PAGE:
- HAAs: Total Haloacetic acids refers to the sum of concentrations of five related disinfection byproducts in water. Surface water pollution results in greater quantities of HAAs in drinking water, and long-term exposure can increase the risk of cancer and developmental defects, and can induce mutations and DNA damage.
- Hard Water: Water that is high in dissolved minerals, especially calcium and magnesium. Hard water can leave lime scale deposits on dishes and home surfaces and cause buildup that decreases the lifespan of plumbing and appliances.
- Lead: A metal that typically leaches into water from corroding lead pipes and plumbing fixtures as was the case in Flint, MI. Lead is highly toxic to nearly every system in the body and has been linked to neurobehavioral development problems in children.
- Manganese: A naturally occurring element released from mineral deposits in rocks and soil. Manganese can col col-1of2lect in plumbing lines, staining fabrics and causing sediment and turbidity in tap water.
- Mercury: Coal power plants are the largest source of U.S. mercury pollution. These mercury emissions linger in the atmosphere and enter waterways via rain and snow where concentrated mercury can harm fish and those who eat fish. Mercury is highly toxic and can affect the nervous, digestive, immune, and respiratory systems. Pregnant women and infants in utero are particularly susceptible to developmental issues caused by mercury exposure. The EPA has instituted Mercury and Air Toxics standards (MATs) with the goal of dramatically reducing mercury and toxic air emissions from power plants.
- Nitrates: Common sources of nitrates include fertilizers, animal waste, septic systems, and industrial waste. Wells tend to be more vulnerable to nitrates due to their proximity to contaminant sources. Infants are most susceptible to the health effects of nitrate contamination, which can interfere with the child's ability to carry oxygen and cause methemoglobinemia - or "blue baby syndrome."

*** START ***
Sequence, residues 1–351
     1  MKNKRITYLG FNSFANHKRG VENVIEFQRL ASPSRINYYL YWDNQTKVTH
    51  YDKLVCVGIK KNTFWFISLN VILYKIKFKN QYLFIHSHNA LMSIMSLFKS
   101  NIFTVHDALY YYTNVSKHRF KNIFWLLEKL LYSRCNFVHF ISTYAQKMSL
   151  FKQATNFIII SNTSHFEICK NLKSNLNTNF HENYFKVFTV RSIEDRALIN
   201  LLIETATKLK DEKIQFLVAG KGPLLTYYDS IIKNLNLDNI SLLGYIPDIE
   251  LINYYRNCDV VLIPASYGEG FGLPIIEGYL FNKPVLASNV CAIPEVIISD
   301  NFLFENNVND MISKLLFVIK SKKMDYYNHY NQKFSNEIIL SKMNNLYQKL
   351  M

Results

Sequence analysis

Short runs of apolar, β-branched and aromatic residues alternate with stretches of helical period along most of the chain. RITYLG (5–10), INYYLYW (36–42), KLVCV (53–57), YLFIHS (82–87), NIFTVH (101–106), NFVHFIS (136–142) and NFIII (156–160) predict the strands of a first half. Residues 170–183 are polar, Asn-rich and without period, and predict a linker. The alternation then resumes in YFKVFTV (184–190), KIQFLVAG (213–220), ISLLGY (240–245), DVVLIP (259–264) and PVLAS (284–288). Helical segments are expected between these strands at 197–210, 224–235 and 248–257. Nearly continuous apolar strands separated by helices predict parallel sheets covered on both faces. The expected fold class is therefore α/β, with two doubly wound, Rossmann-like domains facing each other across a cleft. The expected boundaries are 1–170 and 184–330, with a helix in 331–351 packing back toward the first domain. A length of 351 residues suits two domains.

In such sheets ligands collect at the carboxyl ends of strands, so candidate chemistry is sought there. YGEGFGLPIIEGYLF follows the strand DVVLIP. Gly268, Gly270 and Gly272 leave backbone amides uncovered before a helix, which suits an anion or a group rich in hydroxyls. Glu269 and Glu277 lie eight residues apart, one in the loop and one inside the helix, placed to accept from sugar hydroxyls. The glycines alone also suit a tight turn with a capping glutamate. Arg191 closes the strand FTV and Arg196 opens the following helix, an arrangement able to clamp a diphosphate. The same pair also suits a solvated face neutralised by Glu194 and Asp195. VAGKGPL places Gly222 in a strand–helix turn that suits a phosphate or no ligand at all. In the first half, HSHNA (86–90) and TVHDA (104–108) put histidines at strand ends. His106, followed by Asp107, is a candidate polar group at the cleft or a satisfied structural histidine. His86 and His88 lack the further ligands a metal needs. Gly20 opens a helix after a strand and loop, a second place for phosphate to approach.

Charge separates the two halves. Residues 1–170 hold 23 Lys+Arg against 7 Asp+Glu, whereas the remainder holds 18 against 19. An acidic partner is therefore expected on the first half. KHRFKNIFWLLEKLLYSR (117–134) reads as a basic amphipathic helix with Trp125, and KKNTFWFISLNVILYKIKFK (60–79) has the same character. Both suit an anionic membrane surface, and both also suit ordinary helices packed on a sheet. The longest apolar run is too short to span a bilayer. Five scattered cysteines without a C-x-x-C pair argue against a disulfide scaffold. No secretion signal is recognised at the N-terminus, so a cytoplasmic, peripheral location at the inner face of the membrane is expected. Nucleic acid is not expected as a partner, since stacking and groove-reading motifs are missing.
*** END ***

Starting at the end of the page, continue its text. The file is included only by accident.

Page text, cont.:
- Saltwater Intrusion: This occurs when groundwater pumping draws coastal saltwater into freshwater aquifers, which can contaminate key drinking water sources.
- TTHMs: Total Trihalomethanes refers to the sum of four disinfection byproducts in water. Exposure to TTHMs in drinking water has been linked to liver, kidney, and central nervous system problems as well as DNA damage and an increased risk of cancer.
- Uranium: A radioactive element commonly found in rocks. In this case, Uranium may also refer to Radium-228 and Radium-226 - typically found around uranium deposits - or Radon, a radioactive gas formed by the decay of uranium and radium. Uranium is a known carcinogen and may cause kidney damage and respiratory damage.
- Water Scarcity: Refers to drought conditions ranging from severe to exceptional drought. Within all of the states listed, at least 25% of the state's land area is experiencing drought, which can lead to agricultural losses, wildfires, and severely diminished freshwater supplies.